Within the first year of a spinal cord injury (SCI), medical costs can approach 1 million dollars.   Healthcare costs continue to rise, and as a result, inpatient days have become more limited.   In the 1970’s the average stay following SCI was 98 days.  Today, that number has shrunk to just 35 days.

In year two, and every year after, medical costs may reach $100,000 per year.  One in four discharged patients are admitted back into the healthcare system because they sit at home and secondary complications that come hand-in-hand with neurologic injury (pressure sores, contracture, bone-density, etc.) kick in.   Outpatient therapy allowances are shrinking as well.  Insurance companies allow an average of 21.5 visits per year for outpatient physical and occupational therapy.  So, we’re faced with a great irony. At a time when rehabilitative advances are happening faster and faster, adequate access to the best resources is more difficult to come by.

At NeuroHope, we have a different, 4-stage vision.

We do everything we can to complete the continuum of care.  After a patient is discharged, instead of a two-stage process, we add a third stage.   By providing care at affordable, private-pay-rates, the third stage involves a comprehensive approach to extended rehabilitation so patients can maximize their recovery in the critical first two years after injury.   Then we add a 4th stage for chronic injuries that can blend personal training and wellness programs to help patients maintain a healthy quality of life.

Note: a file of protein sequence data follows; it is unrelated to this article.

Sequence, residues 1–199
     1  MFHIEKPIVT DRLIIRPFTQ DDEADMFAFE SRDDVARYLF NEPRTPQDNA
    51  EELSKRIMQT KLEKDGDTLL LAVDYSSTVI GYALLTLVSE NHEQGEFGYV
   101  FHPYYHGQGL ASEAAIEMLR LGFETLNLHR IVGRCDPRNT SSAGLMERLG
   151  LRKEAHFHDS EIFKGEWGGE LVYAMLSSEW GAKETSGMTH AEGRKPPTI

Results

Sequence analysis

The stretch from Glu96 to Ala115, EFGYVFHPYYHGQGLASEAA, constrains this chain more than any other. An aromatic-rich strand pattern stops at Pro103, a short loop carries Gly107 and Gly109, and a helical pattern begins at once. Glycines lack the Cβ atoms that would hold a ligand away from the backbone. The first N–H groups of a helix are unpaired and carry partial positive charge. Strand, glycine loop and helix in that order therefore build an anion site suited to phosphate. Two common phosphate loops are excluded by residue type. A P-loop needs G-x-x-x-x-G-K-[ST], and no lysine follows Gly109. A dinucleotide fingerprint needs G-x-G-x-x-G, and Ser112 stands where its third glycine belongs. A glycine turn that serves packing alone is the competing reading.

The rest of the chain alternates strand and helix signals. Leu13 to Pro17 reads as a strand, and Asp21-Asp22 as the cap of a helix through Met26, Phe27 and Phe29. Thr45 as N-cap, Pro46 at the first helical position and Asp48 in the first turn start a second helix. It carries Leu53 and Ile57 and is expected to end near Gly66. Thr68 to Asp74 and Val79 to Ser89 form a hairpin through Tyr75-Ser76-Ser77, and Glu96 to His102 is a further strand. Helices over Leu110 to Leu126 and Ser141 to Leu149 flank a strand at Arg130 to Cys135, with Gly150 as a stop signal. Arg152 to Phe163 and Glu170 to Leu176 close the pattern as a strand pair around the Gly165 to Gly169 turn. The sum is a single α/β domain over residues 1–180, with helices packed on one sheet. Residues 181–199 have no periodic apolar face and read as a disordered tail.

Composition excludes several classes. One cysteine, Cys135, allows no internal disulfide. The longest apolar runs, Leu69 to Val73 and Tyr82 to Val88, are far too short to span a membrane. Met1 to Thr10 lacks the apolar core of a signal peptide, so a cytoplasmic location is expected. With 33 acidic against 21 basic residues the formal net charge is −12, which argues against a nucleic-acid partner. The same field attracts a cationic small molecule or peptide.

The support we’ve received from the ISCBIR Fund has enabled us to do this.  The video below shows how we’ve grown since our October expansion:

This has been our goal.   Thanks to support from the ISCBIR Fund, we have been able to increase staff, move to a new gym in the Incrediplex, and increase hours.  Most importantly, we have been able to tap into our waitlist and help more people living with paralysis. We are currently seeing about 50 clients, with varying diagnosis, the majority being SCI, TBI.

The expansion has also secured an invitation from the Christopher and Dana Reeve Foundation to join their NeuroRecovery Network (NRN).  The NRN is a network of sites that share a similar vision centered around activity-based therapy (ABT).  ABT specifically focuses on weaknesses and activating the neuromuscular system below the injury level.

NRN sites collaborate with each other and collect data. Most NRN sites are clinical sites tied to leading rehabilitation hospitals.  Other NRN sites, including NeuroHope, are focused more on community fitness and wellness – with an emphasis on making activity-based therapy more widely available in more of a gym setting.

Some of the research collected exclusively at NRN sites involves Neuromuscular Electrical Stimulation (NMES).  This looks like normal Electrical Stimulation (E-stim) or FES, but it is much different. NMES is centered around the success of epidural stimulation research.  NMES uses different parameters than typical E-stim.  The main differences are higher pulse width and frequency, and longer amplitude. NMES tries to trigger beyond the muscle into the nervous system.

We’re proud to be a part of the NRN, although it is a very small part of what we do.